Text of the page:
This review paper found that a significant number of fish die when caught at depth - the deeper the water, the more deaths that follow.
|1 to 3 metres||10% to 33%|
|6 metres||50% to 70%|
Blue rockfish, caught at 76 metres by anglers, caused the fish’s eyes to come out of their sockets by gases that expand inside the fish’s head as it is brought to the surface.
RAINBOW TROUT - THIRD DIE WHEN CAUGHT AT 1 TO 3 METERS
- HALF DIE WHEN CAUGHT AT 6 METERS
"Faccin (1983) reported that the mortality of rainbow trout ranged from 10 to 33% among fish confined at depths of 1 to 3 m compared to 50 to 70% among fish restrained at 6 m."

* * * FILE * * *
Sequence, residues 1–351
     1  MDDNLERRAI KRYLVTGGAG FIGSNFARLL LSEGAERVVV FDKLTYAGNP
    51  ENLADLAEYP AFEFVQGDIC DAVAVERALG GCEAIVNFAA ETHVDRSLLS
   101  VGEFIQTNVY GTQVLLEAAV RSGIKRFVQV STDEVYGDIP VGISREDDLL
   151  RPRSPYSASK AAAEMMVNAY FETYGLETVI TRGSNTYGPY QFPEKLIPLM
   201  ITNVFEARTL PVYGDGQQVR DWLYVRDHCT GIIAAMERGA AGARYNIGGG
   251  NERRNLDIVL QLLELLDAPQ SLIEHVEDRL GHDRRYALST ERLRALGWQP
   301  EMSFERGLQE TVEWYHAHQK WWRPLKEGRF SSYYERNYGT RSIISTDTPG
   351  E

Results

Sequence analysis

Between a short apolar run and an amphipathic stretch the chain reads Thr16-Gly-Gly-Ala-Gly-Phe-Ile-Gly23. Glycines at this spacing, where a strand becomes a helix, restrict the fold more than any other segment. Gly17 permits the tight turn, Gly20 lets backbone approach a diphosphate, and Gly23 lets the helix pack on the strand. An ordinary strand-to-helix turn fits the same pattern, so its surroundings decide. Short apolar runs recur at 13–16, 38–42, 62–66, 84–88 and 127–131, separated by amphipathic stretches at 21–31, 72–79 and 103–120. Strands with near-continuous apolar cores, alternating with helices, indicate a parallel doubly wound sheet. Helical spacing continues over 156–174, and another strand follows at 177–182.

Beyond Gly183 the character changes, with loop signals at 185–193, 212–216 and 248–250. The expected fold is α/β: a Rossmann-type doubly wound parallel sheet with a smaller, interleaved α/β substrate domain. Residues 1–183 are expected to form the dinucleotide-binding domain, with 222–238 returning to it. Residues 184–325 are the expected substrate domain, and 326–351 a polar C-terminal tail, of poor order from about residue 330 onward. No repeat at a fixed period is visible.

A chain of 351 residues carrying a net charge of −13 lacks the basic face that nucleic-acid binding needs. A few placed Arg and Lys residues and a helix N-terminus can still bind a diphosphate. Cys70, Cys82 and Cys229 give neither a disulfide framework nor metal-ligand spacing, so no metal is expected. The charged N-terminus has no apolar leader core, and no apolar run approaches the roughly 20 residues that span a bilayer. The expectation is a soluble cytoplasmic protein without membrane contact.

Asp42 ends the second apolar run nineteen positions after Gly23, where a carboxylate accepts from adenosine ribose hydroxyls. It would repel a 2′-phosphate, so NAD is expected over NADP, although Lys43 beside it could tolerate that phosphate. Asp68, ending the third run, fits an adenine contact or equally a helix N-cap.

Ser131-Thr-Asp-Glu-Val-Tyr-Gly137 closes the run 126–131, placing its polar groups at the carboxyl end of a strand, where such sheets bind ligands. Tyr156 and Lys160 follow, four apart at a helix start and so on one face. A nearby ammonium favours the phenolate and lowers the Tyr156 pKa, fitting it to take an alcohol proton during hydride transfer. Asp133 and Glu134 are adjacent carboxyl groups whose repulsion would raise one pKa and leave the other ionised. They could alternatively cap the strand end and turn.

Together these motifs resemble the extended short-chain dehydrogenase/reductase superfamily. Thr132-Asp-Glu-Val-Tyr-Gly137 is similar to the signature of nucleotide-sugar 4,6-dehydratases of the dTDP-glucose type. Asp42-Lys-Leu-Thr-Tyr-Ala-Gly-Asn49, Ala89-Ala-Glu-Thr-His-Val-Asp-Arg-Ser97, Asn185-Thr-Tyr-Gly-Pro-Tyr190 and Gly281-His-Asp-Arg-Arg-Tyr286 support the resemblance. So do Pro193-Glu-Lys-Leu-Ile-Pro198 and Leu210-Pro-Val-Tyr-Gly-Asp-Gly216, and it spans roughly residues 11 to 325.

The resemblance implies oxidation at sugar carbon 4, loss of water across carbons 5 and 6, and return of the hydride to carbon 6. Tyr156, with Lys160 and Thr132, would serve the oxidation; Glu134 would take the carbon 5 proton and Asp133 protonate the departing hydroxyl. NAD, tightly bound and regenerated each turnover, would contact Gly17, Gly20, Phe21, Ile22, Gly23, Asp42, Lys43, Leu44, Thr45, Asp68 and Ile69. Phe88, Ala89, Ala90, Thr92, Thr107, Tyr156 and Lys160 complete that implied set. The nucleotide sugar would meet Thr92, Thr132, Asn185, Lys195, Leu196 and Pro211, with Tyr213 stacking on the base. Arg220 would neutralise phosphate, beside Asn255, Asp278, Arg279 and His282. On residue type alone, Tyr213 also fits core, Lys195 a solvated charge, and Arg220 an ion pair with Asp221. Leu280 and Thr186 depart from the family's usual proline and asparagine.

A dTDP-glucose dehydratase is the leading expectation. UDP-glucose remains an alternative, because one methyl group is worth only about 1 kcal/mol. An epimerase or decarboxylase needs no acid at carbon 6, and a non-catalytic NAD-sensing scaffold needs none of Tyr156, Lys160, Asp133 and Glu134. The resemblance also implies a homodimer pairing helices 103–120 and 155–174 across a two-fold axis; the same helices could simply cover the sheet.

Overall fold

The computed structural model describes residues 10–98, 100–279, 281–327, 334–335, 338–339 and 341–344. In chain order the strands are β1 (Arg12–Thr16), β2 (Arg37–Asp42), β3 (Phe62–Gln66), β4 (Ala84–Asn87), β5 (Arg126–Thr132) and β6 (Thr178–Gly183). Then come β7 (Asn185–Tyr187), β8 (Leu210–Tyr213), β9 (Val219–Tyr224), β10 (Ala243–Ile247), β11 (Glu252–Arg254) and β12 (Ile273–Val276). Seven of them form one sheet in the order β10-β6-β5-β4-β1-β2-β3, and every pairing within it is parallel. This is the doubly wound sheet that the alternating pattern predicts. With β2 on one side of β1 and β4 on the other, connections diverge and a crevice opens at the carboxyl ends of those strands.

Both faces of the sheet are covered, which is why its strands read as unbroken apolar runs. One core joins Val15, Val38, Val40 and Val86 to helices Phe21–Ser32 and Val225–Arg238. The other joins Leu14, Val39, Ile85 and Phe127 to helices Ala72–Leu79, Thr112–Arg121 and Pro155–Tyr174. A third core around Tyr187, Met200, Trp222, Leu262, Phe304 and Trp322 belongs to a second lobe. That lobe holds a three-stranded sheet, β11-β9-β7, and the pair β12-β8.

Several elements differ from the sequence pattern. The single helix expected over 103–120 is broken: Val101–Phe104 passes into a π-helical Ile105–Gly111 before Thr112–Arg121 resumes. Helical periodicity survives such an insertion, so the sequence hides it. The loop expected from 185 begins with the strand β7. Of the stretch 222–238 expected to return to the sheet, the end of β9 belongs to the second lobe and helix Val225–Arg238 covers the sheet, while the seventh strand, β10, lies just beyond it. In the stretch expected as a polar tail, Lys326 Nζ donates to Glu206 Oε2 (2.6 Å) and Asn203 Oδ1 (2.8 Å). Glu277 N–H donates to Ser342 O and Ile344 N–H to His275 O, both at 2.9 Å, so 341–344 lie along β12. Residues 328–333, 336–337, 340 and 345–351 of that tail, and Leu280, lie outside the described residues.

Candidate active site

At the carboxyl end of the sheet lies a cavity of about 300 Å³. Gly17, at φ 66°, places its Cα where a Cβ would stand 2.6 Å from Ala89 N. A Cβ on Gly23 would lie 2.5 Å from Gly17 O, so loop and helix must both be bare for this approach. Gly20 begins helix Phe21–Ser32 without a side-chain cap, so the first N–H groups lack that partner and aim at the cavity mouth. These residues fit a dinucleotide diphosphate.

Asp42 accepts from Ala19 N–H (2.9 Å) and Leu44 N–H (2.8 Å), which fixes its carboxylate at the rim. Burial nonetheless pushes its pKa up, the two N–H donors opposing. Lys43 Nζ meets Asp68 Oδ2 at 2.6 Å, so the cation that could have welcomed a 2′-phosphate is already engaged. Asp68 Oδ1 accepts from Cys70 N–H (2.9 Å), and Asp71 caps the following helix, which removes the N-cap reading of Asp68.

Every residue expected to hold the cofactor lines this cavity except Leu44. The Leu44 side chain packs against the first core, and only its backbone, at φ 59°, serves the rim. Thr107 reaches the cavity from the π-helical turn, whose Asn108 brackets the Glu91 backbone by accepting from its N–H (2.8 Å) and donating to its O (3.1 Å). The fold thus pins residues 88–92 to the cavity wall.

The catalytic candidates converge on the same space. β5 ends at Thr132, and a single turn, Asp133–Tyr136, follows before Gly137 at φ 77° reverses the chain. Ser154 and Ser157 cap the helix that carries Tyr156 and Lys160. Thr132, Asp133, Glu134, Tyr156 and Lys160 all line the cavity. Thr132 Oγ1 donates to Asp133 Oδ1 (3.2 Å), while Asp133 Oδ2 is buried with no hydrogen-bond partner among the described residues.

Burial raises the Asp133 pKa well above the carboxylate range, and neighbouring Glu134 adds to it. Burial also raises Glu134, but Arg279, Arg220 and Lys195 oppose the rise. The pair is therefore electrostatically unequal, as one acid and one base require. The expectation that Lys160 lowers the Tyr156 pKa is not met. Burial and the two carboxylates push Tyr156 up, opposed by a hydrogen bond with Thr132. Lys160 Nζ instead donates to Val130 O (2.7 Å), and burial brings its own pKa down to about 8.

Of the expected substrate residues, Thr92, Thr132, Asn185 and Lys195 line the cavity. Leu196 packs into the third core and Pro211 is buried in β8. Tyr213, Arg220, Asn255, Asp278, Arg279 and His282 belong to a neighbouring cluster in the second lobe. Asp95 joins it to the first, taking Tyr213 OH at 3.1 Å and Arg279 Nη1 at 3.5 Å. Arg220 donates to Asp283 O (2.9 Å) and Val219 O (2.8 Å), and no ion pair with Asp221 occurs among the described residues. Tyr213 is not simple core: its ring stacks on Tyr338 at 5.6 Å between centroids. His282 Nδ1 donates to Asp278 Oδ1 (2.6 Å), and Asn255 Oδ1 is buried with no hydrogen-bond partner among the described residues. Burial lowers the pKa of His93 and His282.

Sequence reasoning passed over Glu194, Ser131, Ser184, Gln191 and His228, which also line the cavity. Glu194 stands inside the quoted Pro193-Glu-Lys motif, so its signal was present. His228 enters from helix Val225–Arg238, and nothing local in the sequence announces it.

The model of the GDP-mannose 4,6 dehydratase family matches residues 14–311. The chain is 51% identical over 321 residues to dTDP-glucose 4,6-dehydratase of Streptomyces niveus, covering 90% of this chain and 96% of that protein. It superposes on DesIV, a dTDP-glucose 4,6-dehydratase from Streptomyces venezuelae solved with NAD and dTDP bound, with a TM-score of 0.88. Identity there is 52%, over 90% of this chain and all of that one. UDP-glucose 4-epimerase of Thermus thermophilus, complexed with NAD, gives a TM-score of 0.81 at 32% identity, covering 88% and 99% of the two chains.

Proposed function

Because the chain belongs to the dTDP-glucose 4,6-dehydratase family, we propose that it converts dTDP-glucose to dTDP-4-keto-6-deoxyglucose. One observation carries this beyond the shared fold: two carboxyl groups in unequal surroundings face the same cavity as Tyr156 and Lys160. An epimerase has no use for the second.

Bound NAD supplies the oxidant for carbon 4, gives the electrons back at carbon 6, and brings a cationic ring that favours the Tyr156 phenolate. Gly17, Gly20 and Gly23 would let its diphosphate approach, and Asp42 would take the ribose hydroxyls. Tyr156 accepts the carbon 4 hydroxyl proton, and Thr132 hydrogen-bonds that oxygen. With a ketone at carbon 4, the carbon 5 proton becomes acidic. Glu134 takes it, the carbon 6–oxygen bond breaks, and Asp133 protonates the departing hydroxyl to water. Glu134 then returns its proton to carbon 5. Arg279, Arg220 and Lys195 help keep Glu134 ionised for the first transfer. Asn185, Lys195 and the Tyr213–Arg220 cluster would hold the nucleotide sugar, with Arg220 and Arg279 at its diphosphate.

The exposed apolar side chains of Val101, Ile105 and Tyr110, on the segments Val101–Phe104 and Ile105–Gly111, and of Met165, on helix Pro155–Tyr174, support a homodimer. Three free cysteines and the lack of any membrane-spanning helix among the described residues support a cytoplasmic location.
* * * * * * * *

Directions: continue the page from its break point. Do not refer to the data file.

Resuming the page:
BLACK CRAPPIE - UP TO THREE-QUARTERS
DIE WHEN CAUGHT AT 6 TO 16 METERS
"Childress (1989) observed mortalities of 19 and 77% for black crappie caught from depths of 6 and 16 m, respectively."
BLUE ROCKFISH CAUGHT AT 76 METERS
- EYES FORCED OUT OF SOCKETS
"Gotshall (1964) reported that blue rockfish brought from depths of 76.2 m suffered from a "popeye" condition, in which gases in the skull expanded and forced the eyes out of their sockets. Insertion of a sharp object into the eye cavity at the juncture of the prefrontal and lacrimal bones usually relieved the condition, but caused greater mortality than nondeflation."